Thursday, 20 March 2014


Cucurbita pepo is a cultivated plant of the genus Cucurbita. It yields varieties of winter squash and pumpkin, but the most widespread varieties belong to Cucurbita pepo subsp. pepo, called summer squash.

It has been domesticated in the New World for thousands of years. The Zuni people have several uses for this plant. Some authors maintain that Cucurbita pepo is derived from Cucurbita texana, while others suggest that C. texana is merely feral C. pepo. They have a wide variety of uses, especially as a food source and for medical conditions.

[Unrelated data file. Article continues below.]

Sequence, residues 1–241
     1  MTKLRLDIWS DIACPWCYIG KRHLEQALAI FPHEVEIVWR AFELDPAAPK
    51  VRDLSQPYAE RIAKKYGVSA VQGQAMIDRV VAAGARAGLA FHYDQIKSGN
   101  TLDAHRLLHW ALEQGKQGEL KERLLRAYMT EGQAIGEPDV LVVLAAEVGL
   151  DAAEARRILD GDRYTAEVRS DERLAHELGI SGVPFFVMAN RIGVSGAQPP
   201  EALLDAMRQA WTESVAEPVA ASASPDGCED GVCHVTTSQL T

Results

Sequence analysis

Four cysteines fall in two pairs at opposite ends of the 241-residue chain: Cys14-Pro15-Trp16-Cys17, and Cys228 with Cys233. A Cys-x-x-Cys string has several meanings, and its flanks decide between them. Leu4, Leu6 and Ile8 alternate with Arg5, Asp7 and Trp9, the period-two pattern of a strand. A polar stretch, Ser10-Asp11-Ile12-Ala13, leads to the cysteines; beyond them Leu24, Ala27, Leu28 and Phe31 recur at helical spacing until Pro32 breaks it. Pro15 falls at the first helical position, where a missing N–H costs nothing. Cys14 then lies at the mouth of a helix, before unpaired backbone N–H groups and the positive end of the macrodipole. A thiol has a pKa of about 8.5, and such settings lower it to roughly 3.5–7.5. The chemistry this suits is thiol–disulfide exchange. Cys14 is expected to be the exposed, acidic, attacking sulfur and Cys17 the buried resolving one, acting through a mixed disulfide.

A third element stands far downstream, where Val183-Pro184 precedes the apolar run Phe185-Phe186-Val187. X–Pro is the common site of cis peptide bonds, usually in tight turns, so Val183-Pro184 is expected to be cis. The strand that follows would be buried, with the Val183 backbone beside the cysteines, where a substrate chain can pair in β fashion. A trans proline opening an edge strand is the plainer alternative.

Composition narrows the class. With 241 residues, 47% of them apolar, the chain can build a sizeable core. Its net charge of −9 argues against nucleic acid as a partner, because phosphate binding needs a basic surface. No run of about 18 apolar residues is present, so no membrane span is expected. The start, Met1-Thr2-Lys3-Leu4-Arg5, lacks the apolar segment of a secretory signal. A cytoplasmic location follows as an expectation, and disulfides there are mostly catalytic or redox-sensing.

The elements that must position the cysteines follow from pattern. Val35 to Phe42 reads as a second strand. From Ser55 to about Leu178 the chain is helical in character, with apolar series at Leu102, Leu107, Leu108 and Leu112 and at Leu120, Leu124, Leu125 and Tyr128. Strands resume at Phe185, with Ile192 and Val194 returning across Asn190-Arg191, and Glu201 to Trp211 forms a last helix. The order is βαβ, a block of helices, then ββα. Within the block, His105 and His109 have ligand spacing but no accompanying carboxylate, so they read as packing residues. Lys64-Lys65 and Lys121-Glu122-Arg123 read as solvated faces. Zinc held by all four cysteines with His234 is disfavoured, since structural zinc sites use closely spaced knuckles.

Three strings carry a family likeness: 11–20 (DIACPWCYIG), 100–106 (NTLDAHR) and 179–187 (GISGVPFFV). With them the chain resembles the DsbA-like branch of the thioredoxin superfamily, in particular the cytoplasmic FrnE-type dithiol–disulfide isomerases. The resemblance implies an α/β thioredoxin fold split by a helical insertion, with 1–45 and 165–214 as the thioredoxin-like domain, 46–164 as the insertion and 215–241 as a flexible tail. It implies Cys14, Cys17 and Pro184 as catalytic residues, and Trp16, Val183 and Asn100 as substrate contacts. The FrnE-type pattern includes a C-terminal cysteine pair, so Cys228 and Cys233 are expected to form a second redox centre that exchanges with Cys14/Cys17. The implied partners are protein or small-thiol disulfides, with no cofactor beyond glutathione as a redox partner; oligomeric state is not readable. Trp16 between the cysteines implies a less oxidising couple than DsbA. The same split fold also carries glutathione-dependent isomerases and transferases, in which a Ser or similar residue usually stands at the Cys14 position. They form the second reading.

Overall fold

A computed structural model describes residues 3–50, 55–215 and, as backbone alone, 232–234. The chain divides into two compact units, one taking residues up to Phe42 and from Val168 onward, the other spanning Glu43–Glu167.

Due to their varied genetic background, members of C. pepo vary widely in appearance, primarily in regards to their fruits. The plants are typically 30-75 cm high, 70-100 cm wide, and have yellow flowers. Within C. pepo, the pumpkins, scallops, and possibly crooknecks are ancient and were domesticated separately. The domesticated species have larger fruits and larger yet fewer seeds.

This post is part of the Floral Friday Fotos meme.

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